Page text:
Trust me. It's not like this in Canada. Canadians, who live in a civil, decent society, are shaking their heads at what's been going on down below them in the U.S.
This was a big week for hockey fans with the NHL season opener ringing in a brand new set of Stanley Cup hopes and dreams. But no sooner had the fun begun than Montreal Canadiens enforcer George Parros got into a fight that ended with him bashing his face straight into the ice and being carried off on a stretcher. Fortunately, Parros was in good enough shape to be discharged from hospital the next day. However, the concussion he suffered means he is out "indefinitely" (the Canadiens' word), and the whole question of whether the NHL should crack down on fighting has been raised afresh.
The Quebec Government announced that it will update its energy policy. Public consultations are already underway. The Government also announced a commission to study ways to reduce greenhouse gas emissions.
Old shirt, New hat! and that was just game one.
With traffic congestion on the rise, many of Canada's highways are in immediate need of overhaul. And, with tax increases as unpopular as ever, road operators in several provinces have turned to tolling to fund the safe, efficient roads that communities need -- and voters expect.
We are all prisoners to our own vice, and comedians are particularly afflicted. Some of them hide it well, and others make it into one of the most...
Colin Quinn has never been at a loss for words, and yet in 2011, he managed to do the impossible: Summarize the history of the world down to just...
The question of how cities regulate night-time behaviour is a very old one, but it has emerged as the focus of innovative thinking in the last two decades. The conflict between a growing market of young people demanding late-night entertainment and gentrified homeowners complaining about noise is being handled in various ways across the country.
In the midst of Montreal Fashion Week, which happened the first week of September, Groupe Sensation Mode (the organization that produces the event) an...
We are a collective from the fields of law, philosophy and journalism that citizens of all orientations and origins have sought to join. Among us are separatists, federalists and "agnostics" with regards to the constitutional future of Quebec. It is with great concern that we commit these words to denounce the Quebec Charter of Values (formerly the Charter of Secularism ) project, announced by the Parti Québécois government.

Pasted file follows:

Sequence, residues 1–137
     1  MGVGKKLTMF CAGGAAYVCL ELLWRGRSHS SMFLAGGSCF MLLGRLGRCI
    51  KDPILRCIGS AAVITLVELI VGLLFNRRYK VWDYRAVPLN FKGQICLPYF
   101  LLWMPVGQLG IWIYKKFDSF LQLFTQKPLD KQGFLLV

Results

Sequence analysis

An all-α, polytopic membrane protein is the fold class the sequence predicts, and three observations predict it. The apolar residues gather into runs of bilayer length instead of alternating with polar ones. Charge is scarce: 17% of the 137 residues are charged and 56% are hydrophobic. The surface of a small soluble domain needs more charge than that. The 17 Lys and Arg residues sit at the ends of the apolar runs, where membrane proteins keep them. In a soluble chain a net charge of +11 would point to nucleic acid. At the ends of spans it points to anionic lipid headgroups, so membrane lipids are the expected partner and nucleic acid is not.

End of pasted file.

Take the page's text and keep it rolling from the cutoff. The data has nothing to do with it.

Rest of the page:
To tell you the truth, failure is ALWAYS an option. No matter what anyone says. Knowing it exists, and pretending it doesn't a sign of psychosis, not bravery.
Dear Lakeridge Health, This week, you started a direct mail campaign targeting Quebec doctors, medical residents, and medical students. I agree with your nearly 500 "likers" on Facebook: it's one great ad. But I'm writing to ask you if things aren't tough enough here in Quebec right now without you Ontarians trying to lure away our professionals? Who suffers most directly if our doctors and medical students leave? (Hint: it's not the PQ!)
"Michael Jackson ONE" offers the latest proof that in spite of ongoing attempts to reduce him to a tabloid caricature, the King of Pop beats on against the current in the vitality of his work.
Filling up at the gas station is certainly one of the ways to use oil that is most familiar to us. But guess what: of all the oil we use, only 43 per cent goes to fueling our cars. Given this, can we seriously consider ending our "dependence on oil", as some would suggest? Someone who wants to stop using oil will have to say goodbye to smart phones, ballpoint pens, candlelight, clothing made of synthetic fibers, glasses, toothpaste, tires (including those on bicycles), and thousands of other products made from plastic, a petroleum derivative. Good luck with that program.
Montreal has such a rich history that visitors can easily overlook the young, underground culture. In fact, I consider this French-Canadian city to be one of the best alternative travel destinations in North America.
Like guilt, there's an effect called "success by association," and people are willing to give you credit for things you were so far away and foreign to, you'd need a passport to make your way back in. When offered it, say thanks and let it make up for all the things you deserve credit for, but will never get. It will make others happier.